Board member Mark Wingate said the dramatic increase in mail-in ballots plus COVID-19 created a much more labor-intensive process for the elections staff, and given the size of the county created more issues as well.

CONTEXT: Read Extensive Reporting From GPB News On COVID-19 And The Polls 

“I’m not making excuses but, my lord, this was just an anomaly on everybody,” he said. “And when you’re Fulton, that anomaly is much bigger than it is in Chatham County, as an example."

One of the largest complaints pre-Election Day almost exclusively directed towards Fulton County was a large number of emailed absentee ballot applications that were processed months later and, in some cases, not at all.

“We did not keep up with emailed ballot [applications] and we understand why,” board chair Mary Carole Cooney said. “But we are going to handle them differently so that we can handle that more efficiently.”

The Secretary of State’s Office is working to create an online portal, similar to the current online voter registration system, where voters can apply to vote absentee by mail and track the status of their ballot, while also giving counties an easier way to process the applications.

State election officials will not mail out an application or a ballot to all voters, and even with the new portal voters can still submit absentee applications by mail or email.

More than half a million Georgians who are senior citizens, have a disability or are members of the military are on a permanent list to get an absentee ballot for the runoff election and November general election.

Civil rights attorney and former U.S. Senate candidate Maya Dillard Smith implored both the state and the county to think outside the box for solutions to make voting easier, like bringing voting machines outdoors to accommodate both social distancing and a larger number of voters at once.

“If we’re only thinking about the traditional ways in which this has historically been done, we’re going to lose – we’re in a post-COVID world that is not normal,” she said. “If the only things we’re contemplating are the ways in which it’s been done historically, that’s highly problematic."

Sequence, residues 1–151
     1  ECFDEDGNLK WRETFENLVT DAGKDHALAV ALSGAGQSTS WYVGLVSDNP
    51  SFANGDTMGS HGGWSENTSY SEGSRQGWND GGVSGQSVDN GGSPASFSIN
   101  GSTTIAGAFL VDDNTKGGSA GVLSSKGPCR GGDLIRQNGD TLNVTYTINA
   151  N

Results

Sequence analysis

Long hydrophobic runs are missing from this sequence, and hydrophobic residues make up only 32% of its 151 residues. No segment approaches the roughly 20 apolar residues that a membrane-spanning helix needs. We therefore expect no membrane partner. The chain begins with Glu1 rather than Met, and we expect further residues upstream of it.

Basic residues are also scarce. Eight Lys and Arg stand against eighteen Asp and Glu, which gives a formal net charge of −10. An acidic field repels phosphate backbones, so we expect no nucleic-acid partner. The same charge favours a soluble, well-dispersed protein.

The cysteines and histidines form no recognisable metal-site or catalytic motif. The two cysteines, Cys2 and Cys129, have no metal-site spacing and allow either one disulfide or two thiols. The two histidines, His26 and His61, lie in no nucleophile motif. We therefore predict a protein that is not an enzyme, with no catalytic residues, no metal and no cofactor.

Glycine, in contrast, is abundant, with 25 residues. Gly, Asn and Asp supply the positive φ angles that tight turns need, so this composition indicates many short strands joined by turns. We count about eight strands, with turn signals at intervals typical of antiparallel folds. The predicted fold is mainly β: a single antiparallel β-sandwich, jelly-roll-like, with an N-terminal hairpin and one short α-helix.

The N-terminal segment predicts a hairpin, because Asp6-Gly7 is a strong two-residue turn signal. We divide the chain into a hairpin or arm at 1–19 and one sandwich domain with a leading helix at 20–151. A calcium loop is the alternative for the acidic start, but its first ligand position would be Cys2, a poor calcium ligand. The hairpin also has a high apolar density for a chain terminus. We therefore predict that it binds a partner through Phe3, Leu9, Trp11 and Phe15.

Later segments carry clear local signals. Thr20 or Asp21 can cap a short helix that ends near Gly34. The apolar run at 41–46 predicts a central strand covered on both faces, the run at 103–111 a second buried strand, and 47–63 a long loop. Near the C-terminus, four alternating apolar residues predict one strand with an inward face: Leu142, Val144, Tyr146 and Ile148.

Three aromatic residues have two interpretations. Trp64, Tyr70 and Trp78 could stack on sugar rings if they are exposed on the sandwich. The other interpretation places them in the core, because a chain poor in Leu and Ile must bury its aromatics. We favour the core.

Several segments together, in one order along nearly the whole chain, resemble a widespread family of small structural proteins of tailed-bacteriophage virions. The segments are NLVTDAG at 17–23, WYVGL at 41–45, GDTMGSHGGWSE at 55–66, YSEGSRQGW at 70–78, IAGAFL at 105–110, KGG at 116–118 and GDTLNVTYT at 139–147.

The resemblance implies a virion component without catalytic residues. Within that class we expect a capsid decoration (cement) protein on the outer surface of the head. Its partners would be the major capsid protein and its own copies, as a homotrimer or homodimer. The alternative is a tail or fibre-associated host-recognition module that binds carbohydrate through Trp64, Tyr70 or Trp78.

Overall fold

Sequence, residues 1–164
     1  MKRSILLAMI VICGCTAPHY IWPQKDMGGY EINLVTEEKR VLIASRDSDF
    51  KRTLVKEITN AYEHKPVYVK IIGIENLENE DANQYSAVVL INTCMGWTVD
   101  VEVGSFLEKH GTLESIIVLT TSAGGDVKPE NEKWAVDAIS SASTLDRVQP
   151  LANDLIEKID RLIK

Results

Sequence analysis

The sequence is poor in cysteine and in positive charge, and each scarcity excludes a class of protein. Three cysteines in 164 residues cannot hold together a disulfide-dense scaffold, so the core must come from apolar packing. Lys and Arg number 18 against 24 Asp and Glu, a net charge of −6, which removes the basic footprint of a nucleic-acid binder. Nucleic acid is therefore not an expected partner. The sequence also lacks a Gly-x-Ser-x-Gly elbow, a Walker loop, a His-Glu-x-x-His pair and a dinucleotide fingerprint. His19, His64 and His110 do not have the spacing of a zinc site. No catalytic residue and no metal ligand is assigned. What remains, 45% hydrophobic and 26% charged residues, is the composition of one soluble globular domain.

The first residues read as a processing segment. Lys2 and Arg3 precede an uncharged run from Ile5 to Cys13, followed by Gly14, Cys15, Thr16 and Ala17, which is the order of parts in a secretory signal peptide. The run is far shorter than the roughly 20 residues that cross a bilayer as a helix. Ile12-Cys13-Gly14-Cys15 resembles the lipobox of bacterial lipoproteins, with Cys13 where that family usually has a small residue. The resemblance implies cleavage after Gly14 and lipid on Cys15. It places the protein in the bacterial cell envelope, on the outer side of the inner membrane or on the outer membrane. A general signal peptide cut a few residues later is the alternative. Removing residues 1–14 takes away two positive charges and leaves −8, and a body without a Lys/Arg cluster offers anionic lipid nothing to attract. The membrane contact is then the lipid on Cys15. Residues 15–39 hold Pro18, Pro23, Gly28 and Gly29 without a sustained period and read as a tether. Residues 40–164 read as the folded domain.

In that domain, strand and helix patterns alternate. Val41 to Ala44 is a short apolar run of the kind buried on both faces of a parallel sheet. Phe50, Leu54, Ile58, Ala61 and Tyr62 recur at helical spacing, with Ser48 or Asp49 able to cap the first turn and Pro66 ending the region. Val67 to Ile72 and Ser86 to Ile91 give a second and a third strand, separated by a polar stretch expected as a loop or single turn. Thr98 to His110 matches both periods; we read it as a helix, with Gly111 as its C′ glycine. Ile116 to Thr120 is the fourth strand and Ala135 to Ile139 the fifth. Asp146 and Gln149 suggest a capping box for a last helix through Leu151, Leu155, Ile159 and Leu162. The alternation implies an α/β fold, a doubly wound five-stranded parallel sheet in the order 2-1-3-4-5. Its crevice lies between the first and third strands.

Robert Patillo, executive director of the Rainbow PUSH Coalition, said a better solution was to send all Georgia voters an absentee ballot and expressed skepticism that officials could improve things in time.  

“I have no faith in this working: that we’re going to recruit an entire new army of tech support to deploy throughout the state, we’re going to recruit a new army of poll workers, we’re going to hope that the pandemic is not doing its second wave, and all this is going to get fixed in the next 100 days,” he said.

Patillo likened the challenges to the end of the of the Greek epic ‘The Odyssey,’ where the hero had to shoot an arrow through 12 axe handles to prove his identity.

“He pulled it off, right?” one state staffer asked.

“Yes, because he was Odysseus,” Patillo responded.

Johnson with the Fulton County elections board said many proposed changes that could minimize voting issues, like mailing every voter an absentee ballot, would require changes to state code.

“In my opinion, there are so many simple things that could happen in elections that would be perfect, but they’re all against the law,” he said. “I think it’s just the law hasn’t caught up to the times yet.”

As the final days of the 2020 legislative session wind down, there are several bills pending that could change preparations for future elections. That includes Senate Bill 463, which would require counties to add more equipment, poll workers or places to vote if long lines continue to plague large polling places.